This is a game that begs to be rented, or picked up a bit later when you can inevitably find copies of it used and cheap at a Gamestop. With its somewhat limited replay value, I’ve already started to notice copies showing up on the shelf. That said, it’s a very cool game that’s worth a play through if you enjoy this type of horror/survival game. It’s cleverly written and the shooting mechanics work nicely.


Cheap gaming - older sports games

My dad was recently visiting from Florida and he was considering getting a gaming system and an HD tv for himself and family members who came to visit (like my son). So, after some discussion, he decided that the PS3 was probably the best bet since he had an interest in building up a Bluray collection to boot. Of course, the system and the TV promised to be pretty expensive themselves. So what was he to do for games? Well, he found several that were a pretty good price – mostly sports related titles. So how did we do? Not bad for starting out with no games at all.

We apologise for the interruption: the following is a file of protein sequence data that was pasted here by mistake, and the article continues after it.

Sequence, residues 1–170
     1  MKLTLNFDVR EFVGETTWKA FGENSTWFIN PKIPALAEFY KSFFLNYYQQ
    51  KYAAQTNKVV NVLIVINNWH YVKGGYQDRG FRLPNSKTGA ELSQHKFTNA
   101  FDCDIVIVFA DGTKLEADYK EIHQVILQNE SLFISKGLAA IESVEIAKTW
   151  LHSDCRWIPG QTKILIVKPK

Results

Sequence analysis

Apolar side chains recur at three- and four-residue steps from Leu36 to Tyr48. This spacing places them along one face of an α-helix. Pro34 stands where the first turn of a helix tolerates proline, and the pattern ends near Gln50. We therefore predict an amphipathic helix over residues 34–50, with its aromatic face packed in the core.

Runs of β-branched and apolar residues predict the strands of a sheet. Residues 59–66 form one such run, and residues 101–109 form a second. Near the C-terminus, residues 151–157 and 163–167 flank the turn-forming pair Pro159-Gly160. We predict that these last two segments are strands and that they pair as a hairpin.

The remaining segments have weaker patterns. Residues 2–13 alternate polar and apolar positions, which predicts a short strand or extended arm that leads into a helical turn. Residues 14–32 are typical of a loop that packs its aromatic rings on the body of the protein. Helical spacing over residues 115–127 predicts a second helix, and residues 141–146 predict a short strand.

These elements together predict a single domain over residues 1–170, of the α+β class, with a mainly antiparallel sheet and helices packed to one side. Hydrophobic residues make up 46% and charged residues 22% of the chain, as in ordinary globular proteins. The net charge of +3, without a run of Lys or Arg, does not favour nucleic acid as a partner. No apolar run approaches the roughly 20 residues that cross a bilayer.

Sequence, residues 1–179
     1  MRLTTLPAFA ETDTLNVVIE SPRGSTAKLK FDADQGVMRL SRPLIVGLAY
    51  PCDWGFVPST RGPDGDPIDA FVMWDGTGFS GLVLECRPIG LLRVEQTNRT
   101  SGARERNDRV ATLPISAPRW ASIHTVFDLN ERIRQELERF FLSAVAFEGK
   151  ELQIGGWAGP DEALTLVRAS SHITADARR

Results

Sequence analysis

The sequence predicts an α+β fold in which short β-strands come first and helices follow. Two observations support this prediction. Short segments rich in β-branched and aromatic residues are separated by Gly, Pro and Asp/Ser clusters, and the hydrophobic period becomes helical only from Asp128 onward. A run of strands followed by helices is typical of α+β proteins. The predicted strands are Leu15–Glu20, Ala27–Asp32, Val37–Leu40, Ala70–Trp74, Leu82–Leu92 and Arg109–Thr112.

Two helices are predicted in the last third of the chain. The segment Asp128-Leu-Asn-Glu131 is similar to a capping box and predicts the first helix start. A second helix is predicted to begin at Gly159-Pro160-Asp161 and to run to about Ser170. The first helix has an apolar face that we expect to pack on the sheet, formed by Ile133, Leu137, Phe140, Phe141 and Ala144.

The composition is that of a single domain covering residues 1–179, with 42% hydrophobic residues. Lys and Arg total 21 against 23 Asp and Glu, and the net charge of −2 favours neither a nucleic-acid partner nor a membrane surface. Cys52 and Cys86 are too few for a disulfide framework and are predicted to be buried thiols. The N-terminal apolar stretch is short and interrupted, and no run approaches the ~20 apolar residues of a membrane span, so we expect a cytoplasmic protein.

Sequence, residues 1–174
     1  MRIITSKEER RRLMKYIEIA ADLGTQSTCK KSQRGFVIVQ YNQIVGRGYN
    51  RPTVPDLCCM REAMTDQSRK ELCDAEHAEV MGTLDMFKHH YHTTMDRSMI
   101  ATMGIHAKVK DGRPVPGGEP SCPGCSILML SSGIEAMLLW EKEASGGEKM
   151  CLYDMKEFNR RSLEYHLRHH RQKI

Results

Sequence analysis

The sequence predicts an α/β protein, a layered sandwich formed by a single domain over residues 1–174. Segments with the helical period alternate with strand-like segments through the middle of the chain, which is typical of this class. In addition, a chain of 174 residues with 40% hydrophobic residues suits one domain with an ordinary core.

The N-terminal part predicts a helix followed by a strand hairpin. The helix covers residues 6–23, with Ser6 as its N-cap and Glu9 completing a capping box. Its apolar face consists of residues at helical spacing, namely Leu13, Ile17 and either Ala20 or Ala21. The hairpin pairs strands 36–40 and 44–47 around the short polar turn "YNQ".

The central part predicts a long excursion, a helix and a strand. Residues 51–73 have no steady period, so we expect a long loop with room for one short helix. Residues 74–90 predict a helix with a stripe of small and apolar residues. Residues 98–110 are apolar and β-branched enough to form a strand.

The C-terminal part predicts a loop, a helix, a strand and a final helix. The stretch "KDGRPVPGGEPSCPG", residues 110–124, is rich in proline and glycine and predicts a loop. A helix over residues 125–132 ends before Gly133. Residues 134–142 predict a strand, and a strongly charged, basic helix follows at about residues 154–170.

First acquisition: Bad Company. IGN score of 8.6. Good graphics, entertaining game. It was $17 used at Gamestop. Definitely not a game for little kids though between the crude humor and the violent settings and gameplay.

Next up was Little Big Planet (Game of the Year Edition) for $25 used. Quality game that’s perfect for kids. On top of that, there is a ton of content out there that combined with the level building system provides a ridiculous amount of extra value to the purchase, though having internet access is really key to take full advantage of these features.

Next up was a bevy of sports games. We’ll start with Tiger Woods PGA Tour 08 which got an 8.5 from IGN and ran us $16 at Gamestop. Good game, but the EA servers do not seem to support it, so you can’t hop online or import the face graphic if you don’t have a webcam hooked up to the PS3.